A GIANT OF A PANTOMIME
Paul Holman’s production of Jack and the Beanstalk opens beautifully with an ethereal, fairytale set, dazzling costumes and stylish choreography for that’s what we have come to expect from Holman – traditional pantomime at its best.
Sadly this production of Jack and the Beanstalk although its peppered with special effects and story-book sets lacks the essential ingredients – sparkle, vitality, gags and brash belly laugh humour. It’s even thin on the ground with audience participation which was obvious by the number of fidgety kids in the auditorium.
Carriageworks regular Jezz Edwards as Simon Trott tries his very best to raise the roof – but gets very little support and opportunity to prove his excellent comedic skills in this script.
This year, Holman has cast drag artist Myra DuBois as Dame Trott. Sometimes this works well and other times it does not. On this occasion it does not. DuBois sticks very much to his drag image in dress and repartee, rather than integrating the bloke in a frock persona into the role as Danny La Rue used to do. DuBois also lacks the cutting edge traditional humour and repartee that is part and parcel of a panto dame.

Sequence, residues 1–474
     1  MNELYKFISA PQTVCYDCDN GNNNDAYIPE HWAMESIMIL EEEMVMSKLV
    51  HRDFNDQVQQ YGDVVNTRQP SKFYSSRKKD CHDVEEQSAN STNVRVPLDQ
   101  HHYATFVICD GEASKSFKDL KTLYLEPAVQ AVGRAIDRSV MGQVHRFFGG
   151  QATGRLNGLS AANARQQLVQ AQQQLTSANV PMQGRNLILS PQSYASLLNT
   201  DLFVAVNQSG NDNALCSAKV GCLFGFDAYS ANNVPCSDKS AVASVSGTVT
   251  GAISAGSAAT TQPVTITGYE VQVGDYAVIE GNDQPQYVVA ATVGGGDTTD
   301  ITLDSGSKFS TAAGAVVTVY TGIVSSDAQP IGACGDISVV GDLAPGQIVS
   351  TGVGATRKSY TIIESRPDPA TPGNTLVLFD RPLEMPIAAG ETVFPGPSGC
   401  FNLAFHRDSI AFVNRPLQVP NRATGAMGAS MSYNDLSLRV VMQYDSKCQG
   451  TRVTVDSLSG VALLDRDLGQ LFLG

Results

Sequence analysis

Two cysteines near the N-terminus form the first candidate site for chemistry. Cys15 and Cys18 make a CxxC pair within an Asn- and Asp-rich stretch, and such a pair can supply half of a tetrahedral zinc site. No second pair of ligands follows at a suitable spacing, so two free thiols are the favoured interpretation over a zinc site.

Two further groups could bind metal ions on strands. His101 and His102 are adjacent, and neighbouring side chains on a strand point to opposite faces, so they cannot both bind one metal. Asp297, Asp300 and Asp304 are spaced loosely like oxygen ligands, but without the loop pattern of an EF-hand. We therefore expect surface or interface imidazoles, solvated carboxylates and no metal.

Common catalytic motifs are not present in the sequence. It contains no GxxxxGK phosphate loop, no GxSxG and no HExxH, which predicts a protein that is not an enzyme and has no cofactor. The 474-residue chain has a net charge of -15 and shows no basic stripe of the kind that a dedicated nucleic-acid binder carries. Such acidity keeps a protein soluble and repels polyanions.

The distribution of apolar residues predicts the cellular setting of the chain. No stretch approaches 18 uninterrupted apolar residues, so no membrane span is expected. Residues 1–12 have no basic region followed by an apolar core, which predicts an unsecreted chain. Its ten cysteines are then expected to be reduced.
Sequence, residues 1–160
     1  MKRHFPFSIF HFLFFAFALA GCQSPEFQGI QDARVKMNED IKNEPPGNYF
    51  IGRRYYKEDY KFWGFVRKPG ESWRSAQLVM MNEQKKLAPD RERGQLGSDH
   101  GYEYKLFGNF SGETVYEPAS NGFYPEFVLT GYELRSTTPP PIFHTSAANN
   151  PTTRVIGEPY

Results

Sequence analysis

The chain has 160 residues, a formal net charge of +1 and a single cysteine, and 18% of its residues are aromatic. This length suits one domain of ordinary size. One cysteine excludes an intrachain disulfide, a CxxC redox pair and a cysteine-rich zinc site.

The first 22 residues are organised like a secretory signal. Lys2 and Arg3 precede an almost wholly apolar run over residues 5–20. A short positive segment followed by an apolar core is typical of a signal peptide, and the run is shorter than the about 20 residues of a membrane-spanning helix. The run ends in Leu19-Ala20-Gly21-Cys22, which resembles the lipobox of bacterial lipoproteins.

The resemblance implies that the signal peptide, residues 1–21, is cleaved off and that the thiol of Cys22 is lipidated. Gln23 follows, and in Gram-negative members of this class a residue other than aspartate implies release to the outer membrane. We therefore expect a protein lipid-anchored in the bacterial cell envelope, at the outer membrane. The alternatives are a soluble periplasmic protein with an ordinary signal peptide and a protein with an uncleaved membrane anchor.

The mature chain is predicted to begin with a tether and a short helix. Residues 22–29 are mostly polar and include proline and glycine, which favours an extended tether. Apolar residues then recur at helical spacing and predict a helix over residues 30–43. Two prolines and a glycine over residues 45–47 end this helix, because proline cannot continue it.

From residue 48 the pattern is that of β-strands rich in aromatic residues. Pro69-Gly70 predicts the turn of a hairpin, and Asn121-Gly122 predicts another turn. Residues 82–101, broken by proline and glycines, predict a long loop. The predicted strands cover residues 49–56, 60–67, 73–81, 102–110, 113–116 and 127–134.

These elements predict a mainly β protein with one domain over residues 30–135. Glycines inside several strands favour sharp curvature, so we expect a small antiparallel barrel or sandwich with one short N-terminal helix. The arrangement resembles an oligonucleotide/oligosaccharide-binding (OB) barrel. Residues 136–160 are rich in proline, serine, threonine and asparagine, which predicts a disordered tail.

The saving grace of this pantomime is Nic Gilders Fleshcreep. A superb actor his characterization is pure gold. He is evil without being frightening, tackles physical comedy effortlessly and proves his singing and dancing skills in Act2 and soon becomes the villain you love to hate.
Danny Colligan’s Jack is rather insipid and weak and he’s not the dashing hero he should be and there is little chemistry between him and Mary Hodgkinson’s Princess, whilst Ellie Sharpe’s Fairy is perfection personified.
The pantomime runs until Saturday 6 January
Liz Coggins if a member of the Critics Circle